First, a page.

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On Intuition and Discursive Reasoning in Aristotle
 9789004083080, 9004083081

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ON INTUITION AND DISCURSIVE REASONING IN ARISTOTLE

PHILOSOPHIA ANTIQUA A SERIES OF STUDIES ON ANCIENT PHILOSOPHY EDITED BY

W. J. VERDENIUS

AND

J. C. M. VAN WIND EN

VOLUME XLVI

V ICTOR KAL

ON INTUITION AND DISCURSIVE REASONING IN ARISTOTLE

ON INTUITION AND DISCURSIVE REASONING IN ARISTOTLE BY

VICTOR KAL

E.J. BRILL

LEIDEN • NEW YORK • K0BENHAVN • KOLN 1988

The publication of this book has been made possible by a grant from the Netherlands Organisation for the Advancement of Pure Research (Z.W.O.)

Library of Congress Cataloging-in-Publication Data

Kal, Victor. On intuition and discursive reasoning in Aristotle. (Philosophia antiqua, ISSN 0079-1687; v. 46) Bibliography: p. Includes indexes. I. Aristotle- Views on reasoning. 2. Reasoning. 3. Intuition. I. Title. II. Series. B491.R4K35 1987 121 '.3 87-18309 ISBN 90-04-08308-1 (pbk.)

ISSN 0079-1687 ISBN 90 04 08308 1

© Copyright 1988 by E. ]. Brill, Leiden, The Netherlands All rights reserved. No part of this book may be reproduced or translated in any form, by print, photoprint, microfilm, microfiche or any other means without written permission from the publisher PRINTED IN THE NETHERLANDS BY E. j. BRILL

CONTENTS Abbreviations . . . . . . . . . . . . . . . . . . . . . . . . . . . . . . . . . . . . . . . . . . . . . . . . . . . . . . . . . . . . . . . . Introduction . . . . . . . . . . . . . . . . . . . . . . . . . . . . . . . . . . . . . . . . . . . . . . . . . . . . . . . . . . . . . . . . . .

7 9

Part One INTUITION AND DISCURSIVE REASONING IN ARISTOTLE'S LOGICAL WORKS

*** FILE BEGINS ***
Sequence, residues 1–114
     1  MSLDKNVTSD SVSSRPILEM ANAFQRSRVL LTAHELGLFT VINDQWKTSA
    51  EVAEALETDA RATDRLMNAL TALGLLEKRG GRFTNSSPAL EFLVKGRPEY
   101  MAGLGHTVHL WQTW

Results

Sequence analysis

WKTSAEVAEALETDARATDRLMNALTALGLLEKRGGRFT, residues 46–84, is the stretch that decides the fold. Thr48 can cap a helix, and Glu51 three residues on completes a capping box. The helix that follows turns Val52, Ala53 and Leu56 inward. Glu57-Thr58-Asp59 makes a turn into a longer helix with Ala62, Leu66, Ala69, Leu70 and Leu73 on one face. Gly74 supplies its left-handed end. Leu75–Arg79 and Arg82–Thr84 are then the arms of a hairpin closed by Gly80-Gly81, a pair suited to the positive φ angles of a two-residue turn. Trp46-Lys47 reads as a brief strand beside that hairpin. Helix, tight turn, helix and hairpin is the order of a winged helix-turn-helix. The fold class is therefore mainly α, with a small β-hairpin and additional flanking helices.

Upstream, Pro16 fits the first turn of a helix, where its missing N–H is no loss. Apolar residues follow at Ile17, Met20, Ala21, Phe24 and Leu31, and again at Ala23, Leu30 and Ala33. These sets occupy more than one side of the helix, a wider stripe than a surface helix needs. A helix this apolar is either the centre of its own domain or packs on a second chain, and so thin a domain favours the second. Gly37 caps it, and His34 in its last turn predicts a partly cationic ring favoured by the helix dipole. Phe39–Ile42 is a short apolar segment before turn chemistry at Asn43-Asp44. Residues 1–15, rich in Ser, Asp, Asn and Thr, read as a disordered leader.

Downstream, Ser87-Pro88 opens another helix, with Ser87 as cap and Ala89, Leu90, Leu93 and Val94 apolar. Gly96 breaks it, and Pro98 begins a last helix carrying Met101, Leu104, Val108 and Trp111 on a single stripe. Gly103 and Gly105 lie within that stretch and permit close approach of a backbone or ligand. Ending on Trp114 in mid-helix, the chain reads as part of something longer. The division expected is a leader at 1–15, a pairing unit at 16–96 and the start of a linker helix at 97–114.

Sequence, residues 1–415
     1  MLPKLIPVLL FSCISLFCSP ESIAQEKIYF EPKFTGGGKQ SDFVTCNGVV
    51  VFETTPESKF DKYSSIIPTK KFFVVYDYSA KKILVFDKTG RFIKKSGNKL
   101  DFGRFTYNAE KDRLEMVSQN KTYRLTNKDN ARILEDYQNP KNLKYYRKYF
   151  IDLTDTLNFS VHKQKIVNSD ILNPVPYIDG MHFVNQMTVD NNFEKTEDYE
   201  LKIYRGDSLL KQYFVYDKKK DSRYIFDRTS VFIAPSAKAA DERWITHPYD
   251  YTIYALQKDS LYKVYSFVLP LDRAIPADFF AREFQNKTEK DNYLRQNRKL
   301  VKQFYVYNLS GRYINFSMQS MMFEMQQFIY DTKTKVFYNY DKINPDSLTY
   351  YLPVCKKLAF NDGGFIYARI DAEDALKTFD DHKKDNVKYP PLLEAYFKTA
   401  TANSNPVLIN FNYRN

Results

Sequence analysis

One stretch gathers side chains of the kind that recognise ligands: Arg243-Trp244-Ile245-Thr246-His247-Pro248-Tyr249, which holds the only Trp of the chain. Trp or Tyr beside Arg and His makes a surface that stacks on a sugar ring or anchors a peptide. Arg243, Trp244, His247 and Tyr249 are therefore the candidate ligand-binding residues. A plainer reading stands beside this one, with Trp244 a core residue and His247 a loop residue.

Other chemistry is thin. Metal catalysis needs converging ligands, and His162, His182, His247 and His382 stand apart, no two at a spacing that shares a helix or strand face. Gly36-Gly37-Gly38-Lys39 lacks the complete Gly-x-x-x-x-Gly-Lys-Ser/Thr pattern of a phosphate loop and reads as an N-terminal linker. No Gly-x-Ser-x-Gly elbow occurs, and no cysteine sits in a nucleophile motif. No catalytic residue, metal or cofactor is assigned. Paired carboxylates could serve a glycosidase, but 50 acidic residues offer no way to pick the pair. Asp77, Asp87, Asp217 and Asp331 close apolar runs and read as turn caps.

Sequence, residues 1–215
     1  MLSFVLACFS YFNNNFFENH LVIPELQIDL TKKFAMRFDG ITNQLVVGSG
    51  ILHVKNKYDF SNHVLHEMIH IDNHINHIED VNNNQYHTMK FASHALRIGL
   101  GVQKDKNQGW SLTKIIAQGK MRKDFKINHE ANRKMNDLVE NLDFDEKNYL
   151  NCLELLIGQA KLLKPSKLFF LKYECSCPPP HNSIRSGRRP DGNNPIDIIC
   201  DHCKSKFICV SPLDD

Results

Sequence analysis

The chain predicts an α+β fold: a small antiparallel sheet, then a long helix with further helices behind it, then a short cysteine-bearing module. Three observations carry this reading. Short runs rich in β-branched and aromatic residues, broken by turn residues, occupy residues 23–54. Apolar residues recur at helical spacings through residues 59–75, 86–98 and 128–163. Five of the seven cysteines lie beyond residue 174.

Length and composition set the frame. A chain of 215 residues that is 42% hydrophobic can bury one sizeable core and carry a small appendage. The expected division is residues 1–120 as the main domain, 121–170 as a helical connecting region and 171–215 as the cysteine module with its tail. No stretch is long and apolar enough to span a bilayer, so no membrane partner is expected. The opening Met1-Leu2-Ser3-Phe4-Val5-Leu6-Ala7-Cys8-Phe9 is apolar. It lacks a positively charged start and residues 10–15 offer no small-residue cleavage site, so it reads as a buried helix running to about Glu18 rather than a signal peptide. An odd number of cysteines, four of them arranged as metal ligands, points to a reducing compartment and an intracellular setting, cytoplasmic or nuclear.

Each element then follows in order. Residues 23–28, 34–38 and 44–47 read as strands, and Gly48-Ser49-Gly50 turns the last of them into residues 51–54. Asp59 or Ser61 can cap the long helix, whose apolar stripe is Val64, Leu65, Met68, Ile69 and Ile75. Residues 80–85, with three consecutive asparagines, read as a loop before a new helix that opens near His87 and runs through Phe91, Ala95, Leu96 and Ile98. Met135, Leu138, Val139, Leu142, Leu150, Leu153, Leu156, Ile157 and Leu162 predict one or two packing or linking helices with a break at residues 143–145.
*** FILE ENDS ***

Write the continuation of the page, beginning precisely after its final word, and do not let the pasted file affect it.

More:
I. II. III. IV. V. VI. VII. VIII. IX. X.

Syllogism . . . . . . . . . . . . . . . . . . . . . . . . . . . . . . . . . . . . . . . . . . . . . . . . . . . . . . . . . . . . . Proposition and premiss . . . . . . . . . . . . . . . . . . . . . . . . . . . . . . . . . . . . . . . . . . Dialectic and demonstration . . . . . . . . . . . . . . . . . . . . . . . . . . . . . . . . . . . . . Forms of dialectic . . . . . . . . . . . . . . . . . . . . . . . . . . . . . . . . . . . . . . . . . . . . . . . . . . The dialectical syllogism . . . . . . . . . . . . . . . . . . . . . . . . . . . . . . . . . . . . . . . . . . Induction . . . . . . . . . . . . . . . . . . . . . . . . . . . . . . . . .. . . . . . . . . . . . . .. . . . . . . . . . . . . . The demonstrative syllogism .. .... ..... ... ............. .... ... .. Definition . . . . . . . . . . . . . . . . . . . . . . . . . . . . . . . . . . . . . . . . . . . . . . . . . . . . . . . . . . . . Experience and intuition . . . . . . . . . . . . . . . . . . . . . . . . . . . . . . . . . . . . . . . . . Controversies about induction, experience, and intuition

17 18 21 22 23 27 31 35 44 54

Part Two ARISTOTLE'S EPISTEMOLOGY

I. Logic, epistemology, and psychology . . . . . . . . . . . . . . . . . . . . . . . . . . II. Epistemology in Aristotle's psychological work . . . . . . . . . . . . .

61 64

Part Three ARISTOTLE'S PSYCHOLOGY OF COGNITION

I. II. III. IV. V. VI. VII.

Cognition as the object of psychology . . . . . . . . . . . . . . . . . . . . . . . . . Psychology of sensation . . . . . . . . . . . . . . . . . . . . . . . . . . . . . . . . . . . . . . . . . . . Psychology of the imagination . . . . . . . . . . . . . . . . . . . . . . . . . . . . . . . . . . De anima I and II on the mind ...... ........ ... ..... ... ... ... ... The psychology of intellective cognition in De anima III 4 Problems concerning intellective cognition in De anima III 4 The mind in De anima III 5 . . . . . . . . . . . . . . . . . . . . . . . . . . . . . . . . . . . . .

67 68 70 73 77 81 84

6

CONTENTS

VIII. The human soul and the divine mind. The mind in De generatione animalium II 3 . . . . . . . . . . . . . . . . . . . . . . . . . . . . . . . . . . . . . . . IX. Controversies. The history of the interpretation of De anima III 4 and 5 . . . . . . . . . . . . . . . . . . . . . . . . . . . . . . . . . . . . . . . . . . . . . . . .

93

Conclusion . . . . . . . . . . . . . . . . . . . . . . . . . . . . . . . . . . . . . . . . . . . . . . . . . . . . . . . . . . . . . . . . . . . . Notes to the text . . . . . . . . . . . . . . . . . . . . . . . . . . . . . . . . . . . . . . . . . . . . . . . . . . . . . . . . . . . . Bibliography . . . . . . . . . . . . . . . . . . . . . . . . . . . . . . . . . . . . . . . . . . . . . . . . . . . . . . . . . . . . . . . . . . Indices . . . . . . . . . . . . . . . . . . . . . . . . . . . . . . . . . . . . . . . . . . . . . . . . . . . . . . . . . . . . . . . . . . . . . . . . .